United States District Court, D. Oregon
OPINION AND ORDER
A. Russo United States Magistrate Judge
Lisa L. brings this action for judicial review of the final
decision of the Commissioner of Social Security
(“Commissioner”) denying her applications for
Title II Disability Insurance Benefits and Title XVI Social
Security Income. All parties have consented to allow a
Magistrate Judge enter final orders and judgment in this case
in accordance with Fed.R.Civ.P. 73 and 28 U.S.C. §
636(c). For the reasons set forth below, the
Commissioner's decision is reversed and this case is
remanded for further proceedings.
1962, plaintiff alleges disability beginning February 7,
2010, due to anxiety, depression, fibromyalgia, migraines,
and irritable bowel syndrome. Tr. 187, 199, 219. On May 16,
2014, the Administrative Law Judge (“ALJ”) issued
a decision finding plaintiff not disabled. Plaintiff timely
appealed that decision to this Court on December 10, 2015.
Tr. 881. On January 19, 2017, this Court affirmed the
ALJ's decision as to all issues except for the medical
opinion of Neal Musselman, D.O. Tr. 884-910. Based on this
error, the Court reversed the ALJ's 2014 decision and
remanded for further proceedings. Tr. 883.
September 22, 2017, the ALJ held a second hearing, wherein
plaintiff was represented by counsel and testified, as did a
vocational expert. Tr. 805-36. On November 7, 2017, the ALJ
issued a partially favorable decision, finding plaintiff
disabled as of August 17, 2017, her 55th birthday. Tr.
776-94. After the Appeals Council denied her request for
review, plaintiff filed a complaint in this Court. Tr.
one of the five step sequential evaluation process, the ALJ
found that plaintiff had not engaged in substantial gainful
activity since the alleged onset date. Tr. 779. At step two,
the ALJ determined plaintiff's fibromyalgia, migraines,
aneurysm, anxiety disorder, and personality disorder were
medically determinable and severe as of the alleged onset
date. Id. After the date last insured (i.e., March
31, 2015), the ALJ found the following additional impairments
medically determinable and severe: cervical spine
degenerative disc disease and ankylosing spondylitis.
Id. At step three, the ALJ found plaintiff's
impairments, either singly or in combination, did not meet or
equal the requirements of a listed impairment. Tr. 780.
she did not establish presumptive disability at step three,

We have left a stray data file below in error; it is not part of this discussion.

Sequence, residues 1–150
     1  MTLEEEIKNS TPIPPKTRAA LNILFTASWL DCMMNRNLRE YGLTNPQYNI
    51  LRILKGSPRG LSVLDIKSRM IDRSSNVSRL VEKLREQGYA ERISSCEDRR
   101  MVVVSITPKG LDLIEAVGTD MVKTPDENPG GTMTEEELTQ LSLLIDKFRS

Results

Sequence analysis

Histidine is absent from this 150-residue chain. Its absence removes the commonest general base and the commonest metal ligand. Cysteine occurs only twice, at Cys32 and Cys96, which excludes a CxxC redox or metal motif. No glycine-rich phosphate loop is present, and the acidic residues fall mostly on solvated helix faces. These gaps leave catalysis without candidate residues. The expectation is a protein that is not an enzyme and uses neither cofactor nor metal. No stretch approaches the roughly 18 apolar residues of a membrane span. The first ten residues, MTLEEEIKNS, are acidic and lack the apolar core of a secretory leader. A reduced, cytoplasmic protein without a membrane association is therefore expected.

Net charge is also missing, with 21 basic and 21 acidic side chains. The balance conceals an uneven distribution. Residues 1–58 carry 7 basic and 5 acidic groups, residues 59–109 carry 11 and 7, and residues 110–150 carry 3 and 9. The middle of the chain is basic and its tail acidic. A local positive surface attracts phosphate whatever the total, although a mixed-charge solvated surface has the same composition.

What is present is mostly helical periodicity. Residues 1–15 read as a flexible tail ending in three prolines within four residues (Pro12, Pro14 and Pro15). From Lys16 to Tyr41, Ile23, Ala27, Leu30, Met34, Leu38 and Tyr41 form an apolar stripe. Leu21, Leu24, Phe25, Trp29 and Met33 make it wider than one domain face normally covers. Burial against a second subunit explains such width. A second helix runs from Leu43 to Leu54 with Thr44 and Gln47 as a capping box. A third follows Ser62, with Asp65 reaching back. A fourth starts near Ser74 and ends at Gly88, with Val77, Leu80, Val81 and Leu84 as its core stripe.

the ALJ continued to evaluate how plaintiff's impairments
affected her ability to work. The ALJ resolved that, as of
the alleged onset date, plaintiff had the residual functional
capacity (“RFC”) to perform light work as defined
in 20 C.F.R. § 404.1567(b) and 20 C.F.R. §
she can never climb ladders, ropes or scaffolds. She can
occasionally climb ramps and stairs. She can occasionally
balance, stoop, kneel, crouch or crawl. She must avoid
concentrated exposure to hazards. She is limited to the
performance of simple, routine, repetitive tasks, consistent
with unskilled work. She can have no contact with the public.
She can have superficial contact with coworkers. She is
limited to low stress work, which is defined as requiring few
decisions and few changes. She can work at a standard or
ordinary pace, but she cannot work at a strict production
Tr. 782. Beginning on the date last insured, the ALJ also
found that plaintiff can “frequently reach overhead
four, the ALJ determined plaintiff could not perform any past
relevant work. Tr. 792. At step five, the ALJ concluded that,
prior to her 55th birthday, plaintiff was capable of
performing other work existing in significant numbers in the
national economy despite her impairments, such as office
helper, mail room sorter, and silver wrapper. Tr. 793.
However, beginning on August 17, 2017, the date
plaintiff's age category changed, the ALJ found her
disabled. Tr. 793-94.
case hinges on whether there is sufficient evidence in the
record to establish an earlier disability onset date.
Specifically, plaintiff argues the ALJ erred by: (1)
discrediting her subjective symptom statements; (2) failing
to address the lay testimony of her son, Robert F.; and (3)
rejecting the medical opinions of physician assistant Daniela
Schlechter-Keenan, social worker Leslie Ann Gellert,
counselor Sharon Cabana, and Dr. Musselman.
asserts the ALJ erred by discrediting her subjective pain
testimony regarding the extent of her impairments. Pl.'s
Opening Br. 12-14 (doc. 16). When a claimant has medically
documented impairments that could reasonably be expected to
produce some degree of the symptoms complained of, and the
record contains no affirmative evidence of malingering,
“the ALJ can reject the claimant's testimony about
the severity of . . . symptoms only by offering specific,